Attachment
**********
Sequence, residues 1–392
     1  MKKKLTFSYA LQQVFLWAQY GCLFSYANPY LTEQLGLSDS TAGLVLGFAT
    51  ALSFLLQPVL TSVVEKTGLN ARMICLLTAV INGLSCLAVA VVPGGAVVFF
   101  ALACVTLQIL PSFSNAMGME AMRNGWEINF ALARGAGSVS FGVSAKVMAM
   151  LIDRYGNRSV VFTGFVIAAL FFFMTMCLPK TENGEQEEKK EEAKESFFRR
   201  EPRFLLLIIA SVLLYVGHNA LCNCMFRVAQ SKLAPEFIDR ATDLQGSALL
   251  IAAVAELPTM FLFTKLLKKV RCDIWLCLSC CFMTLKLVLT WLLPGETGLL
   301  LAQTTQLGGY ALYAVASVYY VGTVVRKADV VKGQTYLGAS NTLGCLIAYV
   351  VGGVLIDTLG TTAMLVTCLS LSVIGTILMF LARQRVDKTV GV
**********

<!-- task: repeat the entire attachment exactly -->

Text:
Sequence, residues 1–392
     1  MKKKLTFSYA LQQVFLWAQY GCLFSYANPY LTEQLGLSDS TAGLVLGFAT
    51  ALSFLLQPVL TSVVEKTGLN ARMICLLTAV INGLSCLAVA VVPGGAVVFF
   101  ALACVTLQIL PSFSNAMGME AMRNGWEINF ALARGAGSVS FGVSAKVMAM
   151  LIDRYGNRSV VFTGFVIAAL FFFMTMCLPK TENGEQEEKK EEAKESFFRR
   201  EPRFLLLIIA SVLLYVGHNA LCNCMFRVAQ SKLAPEFIDR ATDLQGSALL
   251  IAAVAELPTM FLFTKLLKKV RCDIWLCLSC CFMTLKLVLT WLLPGETGLL
   301  LAQTTQLGGY ALYAVASVYY VGTVVRKADV VKGQTYLGAS NTLGCLIAYV
   351  VGGVLIDTLG TTAMLVTCLS LSVIGTILMF LARQRVDKTV GV